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7th Circuit blocks Obamacare ‘contraception mandate’

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Roman Catholic employers – including the owners of an Indiana company – won a Circuit Court ruling Friday blocking the “contraception mandate” contained in the Patient Protection and Affordable Care Act, commonly referred to as Obamacare.

A split panel of the 7th Circuit Court of Appeals reaffirmed its earlier preliminary injuction in one of the farthest-reaching rulings on an issue that has divided federal circuits and almost certainly will be appealed to the U.S. Supreme Court. Friday’s order grants an injunction against enforcement of the mandate that requires employers to provide universal access to birth control.

The panel’s consolidated ruling was granted in two cases, William D. Grote III et al, v. Kathleen Sebelius, et al., 13-1077, and Cyril B. Korte et al. v. Kathleen Sebelius, et al., 12-3841.

Grote Industries, a Madison-based maker of vehicle safety systems, successfully claimed that requiring the company to provide contraception coverage through its self-insured healthcare plan violated its owners’ First Amendment and Fifth Amendment rights and the Religious Freedom Restoration Act of 1993.

“The plaintiffs are not asking the government to pay for anything. They are asking for relief from a regulatory mandate that coerces them to pay for something – insurance coverage for contraception – on the sincere conviction that doing so violates their religion,” Circuit Judge Diane Sykes wrote in the majority opinion joined by Judge Joel Flaum. “They have made a strong case that RFRA entitles them to that relief.”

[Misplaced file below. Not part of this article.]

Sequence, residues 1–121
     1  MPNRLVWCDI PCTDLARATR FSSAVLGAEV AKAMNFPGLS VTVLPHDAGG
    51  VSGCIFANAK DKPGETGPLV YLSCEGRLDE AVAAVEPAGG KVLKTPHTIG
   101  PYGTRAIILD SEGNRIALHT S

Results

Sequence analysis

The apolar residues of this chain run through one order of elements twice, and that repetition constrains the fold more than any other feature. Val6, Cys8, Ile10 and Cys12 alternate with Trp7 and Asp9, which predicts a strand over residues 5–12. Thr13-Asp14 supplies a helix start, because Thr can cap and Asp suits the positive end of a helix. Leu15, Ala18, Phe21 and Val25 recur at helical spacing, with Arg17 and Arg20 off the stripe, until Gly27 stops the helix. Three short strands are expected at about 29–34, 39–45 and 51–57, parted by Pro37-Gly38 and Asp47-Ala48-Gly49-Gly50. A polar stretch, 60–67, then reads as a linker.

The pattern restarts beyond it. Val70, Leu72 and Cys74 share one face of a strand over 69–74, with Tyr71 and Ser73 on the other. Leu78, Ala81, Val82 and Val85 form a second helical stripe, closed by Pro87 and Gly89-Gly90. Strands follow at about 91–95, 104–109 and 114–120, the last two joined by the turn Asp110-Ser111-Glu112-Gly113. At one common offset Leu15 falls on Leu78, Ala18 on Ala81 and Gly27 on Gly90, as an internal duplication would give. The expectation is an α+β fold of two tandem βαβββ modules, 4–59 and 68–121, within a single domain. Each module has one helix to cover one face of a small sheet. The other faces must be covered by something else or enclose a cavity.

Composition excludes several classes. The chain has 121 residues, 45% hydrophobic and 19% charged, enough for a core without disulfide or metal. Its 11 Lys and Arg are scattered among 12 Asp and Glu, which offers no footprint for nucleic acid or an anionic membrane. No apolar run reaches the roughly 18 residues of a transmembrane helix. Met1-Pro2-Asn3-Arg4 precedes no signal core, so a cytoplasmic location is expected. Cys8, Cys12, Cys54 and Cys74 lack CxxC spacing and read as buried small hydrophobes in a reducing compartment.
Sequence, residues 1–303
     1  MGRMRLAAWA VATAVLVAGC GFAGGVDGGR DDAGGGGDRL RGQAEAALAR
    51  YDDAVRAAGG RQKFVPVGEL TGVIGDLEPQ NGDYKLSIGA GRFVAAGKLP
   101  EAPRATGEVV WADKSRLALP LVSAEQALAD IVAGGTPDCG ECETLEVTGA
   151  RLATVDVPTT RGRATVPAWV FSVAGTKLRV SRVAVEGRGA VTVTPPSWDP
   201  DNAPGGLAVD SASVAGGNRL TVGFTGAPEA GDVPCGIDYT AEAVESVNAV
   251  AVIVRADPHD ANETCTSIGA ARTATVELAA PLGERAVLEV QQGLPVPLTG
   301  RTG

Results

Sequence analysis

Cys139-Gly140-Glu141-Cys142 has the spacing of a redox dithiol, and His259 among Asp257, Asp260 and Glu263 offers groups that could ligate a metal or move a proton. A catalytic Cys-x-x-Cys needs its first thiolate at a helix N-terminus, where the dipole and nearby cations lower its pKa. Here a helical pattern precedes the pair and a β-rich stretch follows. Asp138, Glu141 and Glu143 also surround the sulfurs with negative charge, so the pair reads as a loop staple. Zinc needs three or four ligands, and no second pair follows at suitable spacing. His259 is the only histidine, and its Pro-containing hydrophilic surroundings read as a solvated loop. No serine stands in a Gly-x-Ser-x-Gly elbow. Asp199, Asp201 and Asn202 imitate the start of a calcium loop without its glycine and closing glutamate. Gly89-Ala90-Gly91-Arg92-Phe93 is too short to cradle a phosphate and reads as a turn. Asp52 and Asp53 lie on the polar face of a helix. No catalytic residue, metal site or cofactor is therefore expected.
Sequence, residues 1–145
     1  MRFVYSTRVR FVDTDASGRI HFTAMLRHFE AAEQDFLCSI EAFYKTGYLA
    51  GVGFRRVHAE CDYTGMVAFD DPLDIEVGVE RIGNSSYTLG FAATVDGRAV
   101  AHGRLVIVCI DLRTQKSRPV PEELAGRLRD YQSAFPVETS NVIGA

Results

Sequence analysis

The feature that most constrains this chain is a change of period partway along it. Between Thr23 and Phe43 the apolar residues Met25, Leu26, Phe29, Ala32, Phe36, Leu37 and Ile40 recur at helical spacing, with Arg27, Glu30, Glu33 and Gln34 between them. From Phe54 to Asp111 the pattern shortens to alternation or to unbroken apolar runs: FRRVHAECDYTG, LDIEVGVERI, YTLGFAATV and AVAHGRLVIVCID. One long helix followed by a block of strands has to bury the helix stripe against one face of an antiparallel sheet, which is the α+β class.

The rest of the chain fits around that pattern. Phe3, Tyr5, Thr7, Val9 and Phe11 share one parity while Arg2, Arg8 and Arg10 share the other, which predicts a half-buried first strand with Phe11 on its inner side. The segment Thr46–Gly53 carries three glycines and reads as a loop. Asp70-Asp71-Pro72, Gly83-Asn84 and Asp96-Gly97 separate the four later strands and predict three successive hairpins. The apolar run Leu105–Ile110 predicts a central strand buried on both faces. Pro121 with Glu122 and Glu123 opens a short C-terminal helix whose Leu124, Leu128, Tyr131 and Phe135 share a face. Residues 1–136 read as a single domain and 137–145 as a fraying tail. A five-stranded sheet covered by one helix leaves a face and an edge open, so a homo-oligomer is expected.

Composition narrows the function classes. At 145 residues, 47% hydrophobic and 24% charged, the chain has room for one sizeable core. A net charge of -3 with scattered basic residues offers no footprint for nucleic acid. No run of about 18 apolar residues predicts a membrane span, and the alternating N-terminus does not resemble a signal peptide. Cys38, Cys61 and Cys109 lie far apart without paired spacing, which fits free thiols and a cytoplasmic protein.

Judge Ilana Rovner dissented, writing that the majority’s overreach hypothetically could prevent employees from obtaining embryonic stem-cell therapy; allow Christian Scientist business owners to severely restrict access to medical care based on their beliefs; or deny coverage to same-sex couples even in states that permit such unions, if the corporation’s owners have a religious objection to same-sex marriage. She warned the ruling could open a host of federal regulation to challenges based on the religious beliefs of corporate owners.

Rovner wrote that the majority’s holding “represents a dramatic turn in free exercise jurisprudence” and “bestows a highly personal right to religious exercise on two secular, for-profit corporations that have no facility of thought, conscience or belief. It deems the religious rights of the plaintiffs burdened by the contraception mandate without consideration of the indirect and minimal intrusion on their exercise of religion. And it disregards the extent to which the exemption from the mandate burdens the rights of the plaintiffs’ employees.”

The 7th Circuit majority noted its opinion aligns with a majority holding from the 10th Circuit, but that the 3rd Circuit has ruled in a similar case that “a for-profit, secular corporation cannot engage in the exercise of religion” and its owners have no claim against the contraception mandate. A Federal Circuit ruling held that for-profit corporations may not challenge the law on religious grounds, but that companies organized differently with individual owners may.
 

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  • attorneys please
    So, can the legal paper of record tell us who the attorneys were since the court does not find that important enough to record?